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Article
April 1972

Acute Plasmodium falciparum Malaria: Vital Capacity, Blood Gases, and Coagulation

Author Affiliations

USN; USNR; USNR; USNR, Da Nang, Republic of Vietnam

From the Bureau of Medicine and Surgery, Navy Department, Research Task M4305.053042A. The work described in this manuscript was done at the Naval Support Activity Station Hospital, Da Nang, Republic of Vietnam. Dr. Fletcher is now with the Department of Thoracic and Cardiovascular Surgery, US Naval Hospital, National Naval Medical Center, Bethesda, Md. Dr. Butler is presently with the Department of Medicine, Johns Hopkins University, Baltimore. Dr. Kopriva is presently with the Department of; Anesthesia, University of Colorado Medical Center, Denver. Dr. Ratliff is now with the Department of Surgery, University of Mississippi Medical Center, Jackson, Miss.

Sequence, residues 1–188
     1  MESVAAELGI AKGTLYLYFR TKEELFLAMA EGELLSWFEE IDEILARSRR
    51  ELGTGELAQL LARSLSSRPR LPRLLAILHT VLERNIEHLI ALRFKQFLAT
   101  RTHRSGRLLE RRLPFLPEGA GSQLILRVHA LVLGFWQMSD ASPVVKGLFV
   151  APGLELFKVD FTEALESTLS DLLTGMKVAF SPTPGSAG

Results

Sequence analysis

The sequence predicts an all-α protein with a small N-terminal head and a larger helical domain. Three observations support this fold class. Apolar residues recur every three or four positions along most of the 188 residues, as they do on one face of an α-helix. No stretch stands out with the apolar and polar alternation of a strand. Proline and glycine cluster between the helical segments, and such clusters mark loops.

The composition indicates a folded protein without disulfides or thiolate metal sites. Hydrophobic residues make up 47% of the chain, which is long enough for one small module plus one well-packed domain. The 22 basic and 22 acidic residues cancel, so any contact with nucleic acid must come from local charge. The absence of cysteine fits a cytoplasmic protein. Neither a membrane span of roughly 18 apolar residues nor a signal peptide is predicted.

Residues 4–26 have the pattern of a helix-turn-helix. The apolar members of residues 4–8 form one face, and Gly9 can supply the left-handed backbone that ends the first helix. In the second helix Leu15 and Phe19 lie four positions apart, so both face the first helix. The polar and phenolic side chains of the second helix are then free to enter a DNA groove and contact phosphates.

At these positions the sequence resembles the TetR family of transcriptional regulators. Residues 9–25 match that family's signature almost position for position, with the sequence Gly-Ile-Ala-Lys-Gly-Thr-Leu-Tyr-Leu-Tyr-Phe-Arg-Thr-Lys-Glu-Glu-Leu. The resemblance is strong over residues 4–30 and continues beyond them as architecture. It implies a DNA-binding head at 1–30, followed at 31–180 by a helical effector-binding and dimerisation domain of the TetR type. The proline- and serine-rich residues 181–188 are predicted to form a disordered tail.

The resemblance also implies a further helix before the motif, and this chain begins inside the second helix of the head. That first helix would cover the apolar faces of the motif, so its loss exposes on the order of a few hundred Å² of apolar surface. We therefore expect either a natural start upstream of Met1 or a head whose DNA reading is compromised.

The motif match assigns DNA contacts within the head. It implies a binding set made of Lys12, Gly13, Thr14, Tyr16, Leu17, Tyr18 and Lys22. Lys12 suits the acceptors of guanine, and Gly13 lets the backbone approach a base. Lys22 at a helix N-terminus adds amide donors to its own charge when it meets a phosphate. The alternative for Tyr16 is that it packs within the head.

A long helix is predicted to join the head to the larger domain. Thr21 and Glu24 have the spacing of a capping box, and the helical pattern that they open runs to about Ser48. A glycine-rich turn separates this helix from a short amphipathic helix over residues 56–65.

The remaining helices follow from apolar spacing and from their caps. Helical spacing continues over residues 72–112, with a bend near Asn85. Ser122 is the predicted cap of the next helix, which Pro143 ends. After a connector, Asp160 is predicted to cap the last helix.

Arch Intern Med. 1972;129(4):617-619. doi:10.1001/archinte.1972.00320040093012
Abstract

Twenty-six patients with acute falciparum malaria were evaluated for subclinical changes in arterial blood gases, vital capacity, and coagulation indexes. Comparison of the mean pulmonary and coagulation values for the study with the data for a group of normal subjects showed no statistical difference. Real differences in mean fibrinogen and platelet levels were observed between sample periods. One patient was seen with an unexplained decreased arterial oxygen tension on admission. One patient with cerebral involvement had changes in his coagulation system compatible with consumptive coagulopathy. Further research into the pathophysiology of the pulmonary and cerebral complications of malaria is needed.

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